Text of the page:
Pastoral Letter
April 3, 2003

Dear Friends,

The grace of the Lord Jesus Christ be with you!

We live in turbulent times and passions run high. As well they should. We are struggling with issues that may well determine the future form of our world community. For this reason I have felt the necessity to write a series of pastoral letters that will help us in our reflection on the war in Iraq and related issues. These are not easy times, but they are extremely important times. Important for our country, and perhaps even more important for the future of our church. Many issues have been presented to me that I feel would not be appropriate for Sunday morning but which need to be addressed. Therefore the format of a pastoral letter seems most appropriate. Some of the issues revolve around the questions: What is “Just War” theory? Do Presbyterians accept war in general? Why have Presbyterian leaders insisted that any initiation of war be approved by U.N. resolution? These and other issues we will try to think through in the coming days and weeks.

Perhaps the first issue to be addressed is the issue of disagreement among Presbyterians. One of the principles virtues of being Presbyterian is that we do not agree on issues. We never have and never will. We do not see this as a weakness, but rather as a strength. We believe in democratic process where consensus is created through dialogue, debate and the political work of elected leadership acting in governing bodies. This is a slow process, but it is one that we believe is fair to all concerned.

There are two sides to this process. One side has to do with our unity in Jesus Christ. Our unity is not based on political or theological agreement. One of the basic characteristics of reality is that it can be interpreted in limitless ways. This means that unity in thought is inherently impossible. At best we achieve a tentative consensus. Our examination of history and of our own experience confirms this. From a theological perspective, we would say that this is part of the richness of God’s created order. Life is full of possibility and variation. There is no “one” way to see things. Therefore, unity is not based on ideas but rather on a relationship. Unity is based on this relationship with mystery, love and grace that we experience concerning God in Jesus Christ. It is not something we can finally define in rational terms. The mystery of God in Jesus Christ remains a mystery in the sense that Jesus Christ is not an object of study, but a living person. Therefore our unity is one of dependency on the One who embodies the freedom of the Divine Spirit. Like the early Christians, our unity is expressed in the simple confession that “Jesus is Lord!”. This is not a confession of ideas, but rather of a relationship in which we are called and claimed by God. We have unity because we do not belong to ourselves, but we belong to God. Our unity is based in who God is and what God has done for us.

The other side of this issue has to do with sin. Not only are we basically limited in our knowledge of the world, but our ideas are never independent of who we are. We can never separate our emotions, our history, or our experiences from our ideas or beliefs. They are part and parcel of who we are. This is why we are so passionate about our beliefs. Unfortunately, strong feelings do not guarantee that we are right. Many times we have found that our feelings and emotional needs have led us to self-deception. Many times our personal or collective needs have determined our beliefs. How many times have Presbyterians found that they were wrong in a belief once the personal and collective needs changed? In spite of our political process of consensus building leading to a majority opinion, we have many times found ourselves to be wrong. The beliefs concerning the institution of slavery and the ordination of women come to mind. The reality is that folk of faith will hold different convictions concerning how they interpret issues. We will not agree. And to make this disagreement more complex is the reality that many times the differing parties will all hold a part of the truth. This is certainly true concerning the issue of the war in Iraq. Some hold the conviction that there comes a time when violence is needed to end or limit the evil and sin of political tyranny. Others agree that tyranny has to be resisted, but that methods other than war will achieve the same results given time and patience. Still others hold the conviction that war is too dangerous and destabilizing given the nature of our interconnected world community. The problem is that all these positions hold some truth.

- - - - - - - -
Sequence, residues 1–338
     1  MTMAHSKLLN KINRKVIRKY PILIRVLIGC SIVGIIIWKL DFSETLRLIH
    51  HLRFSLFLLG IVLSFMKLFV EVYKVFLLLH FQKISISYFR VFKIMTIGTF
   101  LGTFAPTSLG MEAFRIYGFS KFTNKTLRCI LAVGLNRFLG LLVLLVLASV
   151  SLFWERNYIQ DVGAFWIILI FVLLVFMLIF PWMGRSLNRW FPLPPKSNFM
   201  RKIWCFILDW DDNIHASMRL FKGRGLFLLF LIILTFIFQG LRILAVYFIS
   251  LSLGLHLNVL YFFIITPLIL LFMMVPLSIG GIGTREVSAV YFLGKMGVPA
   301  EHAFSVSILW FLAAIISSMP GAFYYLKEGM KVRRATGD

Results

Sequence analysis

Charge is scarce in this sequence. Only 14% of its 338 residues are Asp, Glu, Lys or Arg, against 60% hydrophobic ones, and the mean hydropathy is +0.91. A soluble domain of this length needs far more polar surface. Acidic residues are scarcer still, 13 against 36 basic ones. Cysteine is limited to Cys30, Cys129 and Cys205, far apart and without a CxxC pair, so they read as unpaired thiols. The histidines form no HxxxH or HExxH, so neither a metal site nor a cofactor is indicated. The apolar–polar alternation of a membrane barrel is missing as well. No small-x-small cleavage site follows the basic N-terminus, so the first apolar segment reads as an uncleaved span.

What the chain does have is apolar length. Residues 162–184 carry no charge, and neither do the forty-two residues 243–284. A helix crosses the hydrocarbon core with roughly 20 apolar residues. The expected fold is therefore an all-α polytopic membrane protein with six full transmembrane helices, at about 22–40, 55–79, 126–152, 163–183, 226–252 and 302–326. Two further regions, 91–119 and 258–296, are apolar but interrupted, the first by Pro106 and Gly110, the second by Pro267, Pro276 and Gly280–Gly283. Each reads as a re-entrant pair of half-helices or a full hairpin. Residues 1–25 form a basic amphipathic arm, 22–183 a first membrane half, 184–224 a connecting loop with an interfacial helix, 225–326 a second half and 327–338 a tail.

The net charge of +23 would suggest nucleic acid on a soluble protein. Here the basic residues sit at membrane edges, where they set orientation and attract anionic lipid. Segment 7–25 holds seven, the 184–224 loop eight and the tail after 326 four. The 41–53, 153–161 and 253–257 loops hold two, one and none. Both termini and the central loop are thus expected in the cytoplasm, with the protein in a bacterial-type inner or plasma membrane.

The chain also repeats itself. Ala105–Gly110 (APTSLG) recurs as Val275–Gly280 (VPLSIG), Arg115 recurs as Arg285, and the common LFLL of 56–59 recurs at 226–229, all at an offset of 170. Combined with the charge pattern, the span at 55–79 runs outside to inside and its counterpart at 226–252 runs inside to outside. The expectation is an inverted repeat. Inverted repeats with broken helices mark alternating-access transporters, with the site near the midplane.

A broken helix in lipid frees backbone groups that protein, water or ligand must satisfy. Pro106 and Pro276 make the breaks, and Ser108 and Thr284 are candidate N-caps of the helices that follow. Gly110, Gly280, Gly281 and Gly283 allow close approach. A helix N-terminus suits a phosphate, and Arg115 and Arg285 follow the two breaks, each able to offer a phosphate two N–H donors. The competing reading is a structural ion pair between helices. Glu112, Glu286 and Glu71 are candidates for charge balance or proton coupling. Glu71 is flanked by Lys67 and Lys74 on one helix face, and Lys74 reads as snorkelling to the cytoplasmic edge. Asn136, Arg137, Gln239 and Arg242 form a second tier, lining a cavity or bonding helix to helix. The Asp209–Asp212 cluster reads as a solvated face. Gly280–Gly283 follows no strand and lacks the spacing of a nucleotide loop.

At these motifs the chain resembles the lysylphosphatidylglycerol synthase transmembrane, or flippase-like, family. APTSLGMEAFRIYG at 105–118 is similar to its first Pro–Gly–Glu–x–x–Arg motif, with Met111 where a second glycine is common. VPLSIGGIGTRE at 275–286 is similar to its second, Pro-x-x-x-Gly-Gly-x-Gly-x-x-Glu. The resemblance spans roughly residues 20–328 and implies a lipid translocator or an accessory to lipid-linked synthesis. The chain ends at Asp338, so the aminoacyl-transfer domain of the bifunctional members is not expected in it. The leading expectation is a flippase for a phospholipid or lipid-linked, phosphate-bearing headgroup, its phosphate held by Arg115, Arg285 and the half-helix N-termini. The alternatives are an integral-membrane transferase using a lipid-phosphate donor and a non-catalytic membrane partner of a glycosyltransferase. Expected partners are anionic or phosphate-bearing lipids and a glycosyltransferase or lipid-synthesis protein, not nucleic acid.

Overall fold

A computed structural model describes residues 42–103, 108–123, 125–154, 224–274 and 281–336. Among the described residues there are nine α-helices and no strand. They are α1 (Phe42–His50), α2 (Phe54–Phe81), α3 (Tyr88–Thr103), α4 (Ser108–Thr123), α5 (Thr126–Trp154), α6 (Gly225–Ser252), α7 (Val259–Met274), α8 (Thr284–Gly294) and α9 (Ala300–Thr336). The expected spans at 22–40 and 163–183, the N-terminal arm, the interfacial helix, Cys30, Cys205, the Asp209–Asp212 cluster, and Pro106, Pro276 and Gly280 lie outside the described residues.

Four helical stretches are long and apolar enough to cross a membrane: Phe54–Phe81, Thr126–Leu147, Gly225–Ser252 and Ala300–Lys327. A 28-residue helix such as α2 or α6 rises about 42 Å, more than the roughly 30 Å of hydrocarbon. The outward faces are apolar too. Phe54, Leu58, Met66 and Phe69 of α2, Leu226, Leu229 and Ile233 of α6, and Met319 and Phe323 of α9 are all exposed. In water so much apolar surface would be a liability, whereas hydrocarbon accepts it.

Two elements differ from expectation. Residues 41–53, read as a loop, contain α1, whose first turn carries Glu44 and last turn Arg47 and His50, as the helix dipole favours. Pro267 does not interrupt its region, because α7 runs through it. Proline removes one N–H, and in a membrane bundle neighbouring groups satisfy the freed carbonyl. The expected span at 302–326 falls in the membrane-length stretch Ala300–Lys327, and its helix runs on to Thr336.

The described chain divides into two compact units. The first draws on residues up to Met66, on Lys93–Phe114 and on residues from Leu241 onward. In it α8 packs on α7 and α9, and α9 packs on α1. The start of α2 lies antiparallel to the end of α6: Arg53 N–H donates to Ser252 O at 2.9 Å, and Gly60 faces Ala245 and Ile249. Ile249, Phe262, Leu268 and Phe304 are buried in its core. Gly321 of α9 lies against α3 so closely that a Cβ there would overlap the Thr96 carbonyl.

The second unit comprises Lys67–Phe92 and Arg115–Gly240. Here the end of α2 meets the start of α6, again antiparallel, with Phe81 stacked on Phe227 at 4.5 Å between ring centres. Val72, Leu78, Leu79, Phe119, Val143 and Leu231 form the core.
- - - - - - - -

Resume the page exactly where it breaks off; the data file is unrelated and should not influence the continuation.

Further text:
This leads us to the conclusion that disagreement is to be valued. We need folk who will challenge our beliefs and keep us honest concerning our own self-deception. But this disagreement has to occur within a spirituality where Jesus is Lord and we are conscious of our own tendency to sin. Otherwise a challenge to our beliefs becomes a challenge to our personhood. The result of this is hurt feelings, alienation, and the disruption of our communion in Christ. For this reason, disagreement has to be realized within a sense of humility and mutual respect. We have to love one another more than we love our beliefs. This does not mean that we are to be passive concerning our convictions. We have to follow our conscience and take moral action. But this action is to be taken in humility and respect for those who pursue different moral actions. In the back of our mind has to reside the nagging question that perhaps we are wrong in our belief and moral action. This puts a brake on our tendency to emotional excess and keeps us humble.

Living with disagreement is not easy. But no one ever said that love is easy.

George M. Wortham